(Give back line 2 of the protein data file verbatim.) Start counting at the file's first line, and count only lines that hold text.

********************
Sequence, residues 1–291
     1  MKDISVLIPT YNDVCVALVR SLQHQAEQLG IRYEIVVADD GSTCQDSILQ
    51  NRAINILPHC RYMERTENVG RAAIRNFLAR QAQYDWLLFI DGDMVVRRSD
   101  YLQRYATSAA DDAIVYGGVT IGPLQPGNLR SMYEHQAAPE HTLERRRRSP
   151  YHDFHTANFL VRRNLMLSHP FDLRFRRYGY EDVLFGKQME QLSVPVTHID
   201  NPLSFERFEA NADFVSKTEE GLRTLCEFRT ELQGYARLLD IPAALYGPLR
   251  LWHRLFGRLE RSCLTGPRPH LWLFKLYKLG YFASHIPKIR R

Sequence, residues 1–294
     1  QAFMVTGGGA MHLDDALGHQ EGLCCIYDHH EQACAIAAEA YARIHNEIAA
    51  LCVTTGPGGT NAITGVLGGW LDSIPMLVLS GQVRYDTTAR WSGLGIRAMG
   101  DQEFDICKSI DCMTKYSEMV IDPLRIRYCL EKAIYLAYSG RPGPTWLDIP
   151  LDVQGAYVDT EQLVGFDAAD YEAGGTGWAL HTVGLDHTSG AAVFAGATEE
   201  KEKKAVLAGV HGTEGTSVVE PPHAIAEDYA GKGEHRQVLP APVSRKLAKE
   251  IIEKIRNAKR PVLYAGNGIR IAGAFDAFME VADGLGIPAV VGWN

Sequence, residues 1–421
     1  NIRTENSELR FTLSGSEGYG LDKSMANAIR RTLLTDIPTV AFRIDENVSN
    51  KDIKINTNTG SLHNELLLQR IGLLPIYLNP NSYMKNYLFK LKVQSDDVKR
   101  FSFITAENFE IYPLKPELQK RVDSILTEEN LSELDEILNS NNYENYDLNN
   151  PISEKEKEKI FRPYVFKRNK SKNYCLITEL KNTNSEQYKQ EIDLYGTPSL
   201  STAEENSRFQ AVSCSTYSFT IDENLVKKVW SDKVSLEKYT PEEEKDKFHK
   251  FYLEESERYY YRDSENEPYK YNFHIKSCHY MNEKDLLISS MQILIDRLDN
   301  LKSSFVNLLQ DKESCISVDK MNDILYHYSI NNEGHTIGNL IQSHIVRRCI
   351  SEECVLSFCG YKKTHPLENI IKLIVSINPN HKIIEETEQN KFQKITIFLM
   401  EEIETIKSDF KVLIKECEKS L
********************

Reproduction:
     1  MKDISVLIPT YNDVCVALVR SLQHQAEQLG IRYEIVVADD GSTCQDSILQ